Thousands protest in Lebanon after rally to support president
Unprecedented cross-sectarian demonstrations have gripped Lebanon since October 17, demanding a complete overhaul of a political system deemed inefficient and corrupt.
On Sunday evening, thousands of protesters streamed into the main square carrying Lebanese flags and a flurry of inventive slogans on cardboard, an AFP correspondent said.
“Revolution,” they cried to the rhythm of electronic beats in Martyrs’ Square.
“All of them means all of them,” they chanted, calling for political leaders from all sectarian stripes to step down.
Abir Murad, 37, had come specially from the northern city of Tripoli to take part.
“We are all united against the leaders.. who haven’t changed anything in this country,” she said.
“We came to say that change is now in the hands of the people.”
Draped in white sheets, three demonstrators staged a mock execution of the grievances that pushed them down into the street.
Nooses around their limp necks, they bore signs referring to corruption, sectarianism, and the 1975-1990 civil war.
Protesters in the capital shouted in support of Shiite-majority areas such as Tyre, strongholds of the powerful Hezbollah movement, which has urged its backers not to protest.
“Tyre, Tyre, Tyre. We’re rising up for you,” they chanted.
Despite Hezbollah’s warnings, protests were also staged in the southern city itself, the National News Agency and television showed.
People also took to the street in Sunni-majority Sidon and the northern city of Tripoli.
– ‘Revolution is feminist’ –
Lebanon had come to a standstill for around two weeks until the cabinet resigned on Tuesday, after which protest roadblocks were lifted and banks re-opened.
Protests temporarily petered out as rain hit the capital, but activists vowed to fight on until the rest of their demands were met.
Protesters have called for an end to President Michel Aoun’s tenure, as well as a drastic change to a political system dominated by the same figures and families since the end of the 1975-1990 civil war.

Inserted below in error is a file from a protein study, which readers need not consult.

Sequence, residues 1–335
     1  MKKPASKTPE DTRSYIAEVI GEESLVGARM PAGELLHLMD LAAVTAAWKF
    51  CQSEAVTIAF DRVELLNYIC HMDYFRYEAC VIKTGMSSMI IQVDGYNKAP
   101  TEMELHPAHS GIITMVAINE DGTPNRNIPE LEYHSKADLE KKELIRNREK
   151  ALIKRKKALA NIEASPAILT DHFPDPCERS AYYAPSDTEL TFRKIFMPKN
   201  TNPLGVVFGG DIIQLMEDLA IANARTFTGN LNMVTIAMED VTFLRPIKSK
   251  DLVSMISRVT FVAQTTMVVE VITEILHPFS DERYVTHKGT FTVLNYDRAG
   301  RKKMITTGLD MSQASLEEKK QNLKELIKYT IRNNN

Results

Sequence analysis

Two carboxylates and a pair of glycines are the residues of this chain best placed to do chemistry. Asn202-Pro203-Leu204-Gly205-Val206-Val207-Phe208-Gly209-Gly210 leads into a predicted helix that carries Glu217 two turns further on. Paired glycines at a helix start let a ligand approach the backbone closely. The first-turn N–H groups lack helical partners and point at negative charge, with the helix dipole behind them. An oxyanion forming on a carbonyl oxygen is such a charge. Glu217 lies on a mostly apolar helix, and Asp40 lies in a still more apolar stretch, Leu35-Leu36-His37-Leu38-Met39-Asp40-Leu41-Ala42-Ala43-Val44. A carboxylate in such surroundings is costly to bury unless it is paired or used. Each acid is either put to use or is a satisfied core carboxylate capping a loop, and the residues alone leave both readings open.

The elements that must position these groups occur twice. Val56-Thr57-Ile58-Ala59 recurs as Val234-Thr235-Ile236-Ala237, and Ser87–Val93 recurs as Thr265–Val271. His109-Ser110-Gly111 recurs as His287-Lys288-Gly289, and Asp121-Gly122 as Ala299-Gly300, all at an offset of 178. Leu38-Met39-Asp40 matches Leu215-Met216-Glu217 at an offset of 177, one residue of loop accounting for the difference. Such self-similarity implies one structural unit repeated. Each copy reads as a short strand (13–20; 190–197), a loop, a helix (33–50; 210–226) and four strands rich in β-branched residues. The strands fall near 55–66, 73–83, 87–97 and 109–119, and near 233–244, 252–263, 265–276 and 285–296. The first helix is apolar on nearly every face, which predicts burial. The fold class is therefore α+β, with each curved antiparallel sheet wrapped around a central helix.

Earlier in the capital, hundreds of men and women took part in a feminist march from the national museum towards the main square.
“Our revolution is feminist,” read a banner carried by marchers.
“Speak up, end male chauvinism,” protesters chanted to the rhythm of drums.
Sarah Bukhari, 28, said she was there to demand equality.
“It’s so important there is real social justice and that women’s demands be heard,” she said.
Early afternoon, the president addressed Lebanese in a televised speech as thousands of his supporters thronged the road outside his presidential palace.
“I call on you to unite,” the 84-year-old Maronite Christian president said from his palace in the town of Baabda outside Beirut.
He said a roadmap had been drawn up to tackle corruption, redress the economy, and put together a civil government.
“It won’t be easy, and we want your efforts,” he said.
It is still unclear what a new cabinet will look like, and if it will include independent technocrats as demanded by demonstrators.
– ‘Sincere man‘ –
A proposed tax on calls via free phone applications such as WhatsApp triggered protests last month.
But they soon morphed into a huge nationwide movement to denounce a raft of woes including a lack of basic services, a failing economy, and corruption.
Aoun’s supporters said they backed the overall demands of anti-graft protesters, but insisted the president was the only man able to bring about reforms.
“General Aoun is a reformist and sincere man — not corrupt nor a thief,” said one supporter who gave her name as Diana.
“He’s trying to fight against graft,” she said.
Along with its allies including Hezbollah, Aoun’s political party holds the majority in parliament.
It is headed by his son-in-law and outgoing foreign minister Gibran Bassil, who has emerged as one of the most reviled figures in the protests.
On Saturday night, thousands of anti-government protesters gathered in Tripoli — several travelling in from other parts of the country, inspired by the street parties that earned it the title “bride of the revolution”.
More than 25 percent of Lebanese citizens live in poverty, the World Bank says.
The country’s economic growth has stalled in recent years in the wake of repeated political crises, compounded by an eight-year civil war in neighbouring Syria.
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